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Technical Note: Novel sewer pipe installation method in Wellington, NZ

Nick Wharmby, manager engineering, Derek Bilby, operations manager, and Damon Winter, contract supervisor, Brian Perry Civil. This note was first published in GE’s April 2005 issue.

Construction of a 98m long link sewer with an invert level at jibetween 4.5m and 7.5m below ground level within a roadway is not uncommon, but this project in Island Bay, Wellington, New Zealand had some novel features.

Traditionally the 1,050mm diameter pipes would have been laid within a steel sheet piled cofferdam or similar supported excavation and backfilled. Pipe jacking and micro-tunnelling could also have been considered. The site plan and a summary of the ground conditions are given in Figure 1.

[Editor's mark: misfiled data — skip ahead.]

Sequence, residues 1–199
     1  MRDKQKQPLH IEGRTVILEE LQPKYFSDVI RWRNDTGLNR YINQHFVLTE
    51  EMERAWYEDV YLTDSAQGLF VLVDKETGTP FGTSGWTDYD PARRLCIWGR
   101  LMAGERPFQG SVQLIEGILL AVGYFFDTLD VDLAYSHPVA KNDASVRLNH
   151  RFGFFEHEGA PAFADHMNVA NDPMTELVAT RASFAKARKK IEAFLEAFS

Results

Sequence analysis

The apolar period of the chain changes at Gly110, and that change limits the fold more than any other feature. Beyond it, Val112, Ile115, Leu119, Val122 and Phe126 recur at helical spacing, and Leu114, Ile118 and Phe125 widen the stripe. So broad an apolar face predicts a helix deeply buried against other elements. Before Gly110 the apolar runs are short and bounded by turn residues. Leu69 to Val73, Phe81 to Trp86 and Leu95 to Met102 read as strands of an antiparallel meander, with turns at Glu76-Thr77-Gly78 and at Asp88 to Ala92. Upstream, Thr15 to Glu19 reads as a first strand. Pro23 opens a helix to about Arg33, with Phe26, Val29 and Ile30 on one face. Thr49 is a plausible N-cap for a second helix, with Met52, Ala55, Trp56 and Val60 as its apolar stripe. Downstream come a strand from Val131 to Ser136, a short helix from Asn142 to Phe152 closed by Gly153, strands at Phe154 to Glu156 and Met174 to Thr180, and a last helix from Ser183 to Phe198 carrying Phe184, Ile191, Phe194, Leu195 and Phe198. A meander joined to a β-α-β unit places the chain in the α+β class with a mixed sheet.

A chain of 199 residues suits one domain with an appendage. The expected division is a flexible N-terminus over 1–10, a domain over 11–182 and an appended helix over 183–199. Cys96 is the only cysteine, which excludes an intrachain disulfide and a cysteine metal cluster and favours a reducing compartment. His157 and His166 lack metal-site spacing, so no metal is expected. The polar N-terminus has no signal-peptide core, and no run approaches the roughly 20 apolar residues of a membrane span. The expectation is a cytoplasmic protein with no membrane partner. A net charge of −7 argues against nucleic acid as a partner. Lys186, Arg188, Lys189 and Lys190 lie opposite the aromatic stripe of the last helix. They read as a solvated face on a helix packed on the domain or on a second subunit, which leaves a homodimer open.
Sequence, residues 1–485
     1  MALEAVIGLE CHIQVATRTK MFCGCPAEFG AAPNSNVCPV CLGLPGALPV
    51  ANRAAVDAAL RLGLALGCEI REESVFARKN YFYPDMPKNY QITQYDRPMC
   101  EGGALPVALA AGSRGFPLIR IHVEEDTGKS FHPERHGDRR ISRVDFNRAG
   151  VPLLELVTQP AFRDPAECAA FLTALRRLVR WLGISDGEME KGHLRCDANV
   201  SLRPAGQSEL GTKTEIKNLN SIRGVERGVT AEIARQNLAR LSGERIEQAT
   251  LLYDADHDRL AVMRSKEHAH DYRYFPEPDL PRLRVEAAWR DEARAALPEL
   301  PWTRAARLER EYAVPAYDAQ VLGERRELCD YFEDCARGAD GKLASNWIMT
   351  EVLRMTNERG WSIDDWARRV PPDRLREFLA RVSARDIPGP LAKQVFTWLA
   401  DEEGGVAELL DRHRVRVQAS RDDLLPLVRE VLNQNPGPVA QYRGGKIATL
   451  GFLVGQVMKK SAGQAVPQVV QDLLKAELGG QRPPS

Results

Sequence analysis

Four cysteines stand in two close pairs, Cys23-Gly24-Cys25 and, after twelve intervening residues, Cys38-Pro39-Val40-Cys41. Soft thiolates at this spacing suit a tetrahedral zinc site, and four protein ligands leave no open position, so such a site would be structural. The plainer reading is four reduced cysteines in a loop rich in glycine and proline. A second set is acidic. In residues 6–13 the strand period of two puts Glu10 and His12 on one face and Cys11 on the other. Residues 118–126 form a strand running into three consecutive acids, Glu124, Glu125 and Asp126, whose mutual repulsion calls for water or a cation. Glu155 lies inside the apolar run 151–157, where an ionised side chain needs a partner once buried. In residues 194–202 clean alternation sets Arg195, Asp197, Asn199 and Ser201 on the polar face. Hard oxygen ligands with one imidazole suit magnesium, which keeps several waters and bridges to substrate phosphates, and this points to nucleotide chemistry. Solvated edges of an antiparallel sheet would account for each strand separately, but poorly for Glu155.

The sloping site, in a sensitive urban environment on the edge of Wellington Harbour, has numerous buried services. Ground conditions consist of dune and beach sands, coarse beach gravels, greywacke outcrops and high tidal groundwater. There is a history of pipe installation difficulties in the area. The combination of these issues effectively precluded use of conventional trenching/cofFerdam options, while micro-tunnelling would have required importing a specialist machine for the relatively small project.

Discussions with Bachy Soletanche lead to the investigation and subsequent adoption of its patented Pluss (Pipe Laying Under Slurry Soletanche) method; the project was awarded to Brian Perry Civil on this basis after a competitive tender process. While the method had been used on a number of projects in other parts of the world, it had not been used either in New Zealand or using conventional precast concrete pipes. 

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